All that sounds so promising! C# &. Net building the Bigroad for the future Development : )

  • Daniel Earwickerdanielearwi​cker I used to be language agnostic, now I'm language atheist

    Just adding my voice to the clamour for Desktop support!

    Would love to see a way to statically link those parts of the .NET framework that I'm using into a native code EXE or DLL, allowing it to be used to write shell extensions, office extensions and other kinds of native components that have previously been hamstrung by heavyweight side-by-side runtime versioning issues.

  • ChrisChris

    Add me to the list of people that really wants to see this for desktop apps and not just Windows Store apps (which no one I know uses!)

  • MariusMarius

    Tell me if this is an ill-founded question, but, does .NET Native, when it supports normal desktop apps, mean that native C++, even C++11 and beyond, will finally be superseded? C++ is great, I love C++, but I also love the simplicity and ease of doing things in C# (thanks to the vast library of objects and types of .NET which C++ does not have).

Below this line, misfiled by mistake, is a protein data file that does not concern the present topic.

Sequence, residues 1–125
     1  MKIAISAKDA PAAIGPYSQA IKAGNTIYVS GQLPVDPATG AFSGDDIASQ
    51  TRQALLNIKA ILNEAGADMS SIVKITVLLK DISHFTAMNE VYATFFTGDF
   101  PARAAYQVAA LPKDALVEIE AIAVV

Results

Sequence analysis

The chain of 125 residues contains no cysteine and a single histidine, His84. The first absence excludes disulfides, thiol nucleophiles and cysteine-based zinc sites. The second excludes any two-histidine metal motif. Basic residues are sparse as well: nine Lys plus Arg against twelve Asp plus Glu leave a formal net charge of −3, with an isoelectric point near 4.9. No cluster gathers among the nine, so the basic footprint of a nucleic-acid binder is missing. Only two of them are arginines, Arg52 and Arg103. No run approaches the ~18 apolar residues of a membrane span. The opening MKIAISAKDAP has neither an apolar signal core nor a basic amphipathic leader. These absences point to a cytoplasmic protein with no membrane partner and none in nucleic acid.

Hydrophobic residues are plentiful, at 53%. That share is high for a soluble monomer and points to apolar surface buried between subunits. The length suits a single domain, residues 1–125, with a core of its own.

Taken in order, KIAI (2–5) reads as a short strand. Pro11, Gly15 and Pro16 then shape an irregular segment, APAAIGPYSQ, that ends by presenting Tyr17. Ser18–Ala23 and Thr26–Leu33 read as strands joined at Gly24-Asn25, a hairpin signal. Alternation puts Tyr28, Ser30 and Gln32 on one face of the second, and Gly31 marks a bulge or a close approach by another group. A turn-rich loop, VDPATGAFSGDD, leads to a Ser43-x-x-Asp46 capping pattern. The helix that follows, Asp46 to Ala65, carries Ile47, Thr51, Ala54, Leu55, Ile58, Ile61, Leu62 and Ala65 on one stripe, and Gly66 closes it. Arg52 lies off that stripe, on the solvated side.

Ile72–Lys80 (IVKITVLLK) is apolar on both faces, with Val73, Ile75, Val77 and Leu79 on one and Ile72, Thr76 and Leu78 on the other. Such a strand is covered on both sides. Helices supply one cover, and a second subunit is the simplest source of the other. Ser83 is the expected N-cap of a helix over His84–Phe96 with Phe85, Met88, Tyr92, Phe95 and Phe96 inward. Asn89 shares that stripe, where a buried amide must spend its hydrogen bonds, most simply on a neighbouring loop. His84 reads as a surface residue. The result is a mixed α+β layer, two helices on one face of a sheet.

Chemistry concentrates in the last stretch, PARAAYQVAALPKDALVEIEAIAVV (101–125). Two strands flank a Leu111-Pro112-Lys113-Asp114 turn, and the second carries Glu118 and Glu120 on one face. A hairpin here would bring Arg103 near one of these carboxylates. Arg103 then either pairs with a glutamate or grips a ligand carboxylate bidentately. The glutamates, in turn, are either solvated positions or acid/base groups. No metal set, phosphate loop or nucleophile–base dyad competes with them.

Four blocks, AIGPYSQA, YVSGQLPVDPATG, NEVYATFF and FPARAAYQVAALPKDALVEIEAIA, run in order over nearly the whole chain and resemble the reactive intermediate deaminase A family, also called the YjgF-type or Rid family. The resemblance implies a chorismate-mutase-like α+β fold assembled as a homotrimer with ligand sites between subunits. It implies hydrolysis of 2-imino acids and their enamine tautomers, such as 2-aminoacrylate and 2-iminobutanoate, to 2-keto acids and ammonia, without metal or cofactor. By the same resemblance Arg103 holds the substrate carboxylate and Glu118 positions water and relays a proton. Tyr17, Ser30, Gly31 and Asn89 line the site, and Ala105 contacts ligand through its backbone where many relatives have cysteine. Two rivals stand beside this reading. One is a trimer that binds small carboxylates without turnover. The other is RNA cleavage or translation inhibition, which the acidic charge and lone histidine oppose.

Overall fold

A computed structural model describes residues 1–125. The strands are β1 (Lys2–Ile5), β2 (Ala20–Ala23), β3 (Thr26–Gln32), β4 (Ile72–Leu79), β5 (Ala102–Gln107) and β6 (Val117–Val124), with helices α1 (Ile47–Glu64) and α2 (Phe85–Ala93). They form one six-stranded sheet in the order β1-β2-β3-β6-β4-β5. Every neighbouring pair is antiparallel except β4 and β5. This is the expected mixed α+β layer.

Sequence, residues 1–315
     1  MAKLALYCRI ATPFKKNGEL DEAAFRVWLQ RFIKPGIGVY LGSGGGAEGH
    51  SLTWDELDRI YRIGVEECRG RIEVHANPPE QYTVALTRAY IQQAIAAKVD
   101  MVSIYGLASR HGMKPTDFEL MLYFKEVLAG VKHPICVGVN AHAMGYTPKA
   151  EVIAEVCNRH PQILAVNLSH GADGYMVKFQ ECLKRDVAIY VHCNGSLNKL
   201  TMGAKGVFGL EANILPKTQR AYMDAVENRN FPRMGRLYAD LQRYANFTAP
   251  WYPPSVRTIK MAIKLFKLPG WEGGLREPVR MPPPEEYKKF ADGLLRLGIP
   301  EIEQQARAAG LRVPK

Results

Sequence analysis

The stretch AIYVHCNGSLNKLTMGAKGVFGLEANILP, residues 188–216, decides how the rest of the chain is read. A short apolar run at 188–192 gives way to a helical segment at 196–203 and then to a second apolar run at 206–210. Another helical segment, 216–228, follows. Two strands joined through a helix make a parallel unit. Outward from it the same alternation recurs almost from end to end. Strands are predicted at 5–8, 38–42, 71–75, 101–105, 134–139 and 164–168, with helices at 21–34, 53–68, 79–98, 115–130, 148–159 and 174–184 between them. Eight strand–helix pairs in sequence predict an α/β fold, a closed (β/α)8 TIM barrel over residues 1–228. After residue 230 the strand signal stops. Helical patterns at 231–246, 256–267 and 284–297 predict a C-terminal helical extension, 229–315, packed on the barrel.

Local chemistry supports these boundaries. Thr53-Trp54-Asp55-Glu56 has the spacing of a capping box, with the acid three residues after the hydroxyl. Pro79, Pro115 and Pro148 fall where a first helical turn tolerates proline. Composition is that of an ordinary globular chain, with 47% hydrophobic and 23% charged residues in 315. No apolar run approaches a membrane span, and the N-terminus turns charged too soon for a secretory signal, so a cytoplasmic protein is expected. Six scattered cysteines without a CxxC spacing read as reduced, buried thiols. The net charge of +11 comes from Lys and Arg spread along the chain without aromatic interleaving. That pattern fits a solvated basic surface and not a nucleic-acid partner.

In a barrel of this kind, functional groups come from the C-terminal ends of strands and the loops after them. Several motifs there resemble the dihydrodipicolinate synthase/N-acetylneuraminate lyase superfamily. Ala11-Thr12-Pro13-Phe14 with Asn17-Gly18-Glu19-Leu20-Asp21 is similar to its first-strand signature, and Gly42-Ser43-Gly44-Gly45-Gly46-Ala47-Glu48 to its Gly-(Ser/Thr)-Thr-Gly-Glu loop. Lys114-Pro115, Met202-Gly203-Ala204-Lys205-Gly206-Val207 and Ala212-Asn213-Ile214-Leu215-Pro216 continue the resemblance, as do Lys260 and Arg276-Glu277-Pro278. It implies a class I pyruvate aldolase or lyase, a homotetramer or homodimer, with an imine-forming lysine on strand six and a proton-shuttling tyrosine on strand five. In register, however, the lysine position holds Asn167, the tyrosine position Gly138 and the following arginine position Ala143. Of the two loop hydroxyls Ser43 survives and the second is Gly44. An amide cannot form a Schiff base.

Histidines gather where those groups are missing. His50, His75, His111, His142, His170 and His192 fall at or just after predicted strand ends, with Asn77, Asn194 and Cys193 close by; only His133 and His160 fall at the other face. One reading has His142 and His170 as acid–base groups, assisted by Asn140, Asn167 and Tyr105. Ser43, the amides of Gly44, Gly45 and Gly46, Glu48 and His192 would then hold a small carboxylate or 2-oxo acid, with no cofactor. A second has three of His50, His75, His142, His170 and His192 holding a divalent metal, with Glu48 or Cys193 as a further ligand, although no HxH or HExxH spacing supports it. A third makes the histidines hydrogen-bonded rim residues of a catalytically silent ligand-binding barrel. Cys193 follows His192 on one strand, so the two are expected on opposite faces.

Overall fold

Put another way - does .Net Native enable a developer to do everything that a native C++ developer can do? Write OS kernels, for example?

    Cheers.

  • RoiRoi

    Curious how this will impact SQL Server's support for .NET code. The world pretty successfully hid it's appreciation of SQL support for .NET code, but if the performance penalty visa-vie C++ could be mitigated, a lot of finance's arbitrarily complex calculations could be triggered only for updated or added rows, making for an easy to manage coherent data set without the need for massive and redundant bulk recalculations.